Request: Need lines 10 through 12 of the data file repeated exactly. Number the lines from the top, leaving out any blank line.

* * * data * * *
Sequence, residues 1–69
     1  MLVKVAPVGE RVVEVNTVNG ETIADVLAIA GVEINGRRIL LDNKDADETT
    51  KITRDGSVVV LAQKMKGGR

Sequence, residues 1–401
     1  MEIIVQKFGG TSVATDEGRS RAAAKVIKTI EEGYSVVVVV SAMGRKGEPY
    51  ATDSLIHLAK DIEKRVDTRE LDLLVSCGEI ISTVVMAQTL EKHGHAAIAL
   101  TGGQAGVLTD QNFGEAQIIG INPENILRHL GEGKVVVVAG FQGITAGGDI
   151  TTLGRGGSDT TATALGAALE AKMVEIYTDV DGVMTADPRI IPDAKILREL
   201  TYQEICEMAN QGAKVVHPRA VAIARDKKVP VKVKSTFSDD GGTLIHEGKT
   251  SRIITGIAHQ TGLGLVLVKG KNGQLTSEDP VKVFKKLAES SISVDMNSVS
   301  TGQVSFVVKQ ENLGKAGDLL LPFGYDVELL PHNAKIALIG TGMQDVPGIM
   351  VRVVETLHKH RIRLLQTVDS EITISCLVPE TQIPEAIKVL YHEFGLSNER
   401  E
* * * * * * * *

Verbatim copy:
   251  SRIITGIAHQ TGLGLVLVKG KNGQLTSEDP VKVFKKLAES SISVDMNSVS
   301  TGQVSFVVKQ ENLGKAGDLL LPFGYDVELL PHNAKIALIG TGMQDVPGIM
   351  VRVVETLHKH RIRLLQTVDS EITISCLVPE TQIPEAIKVL YHEFGLSNER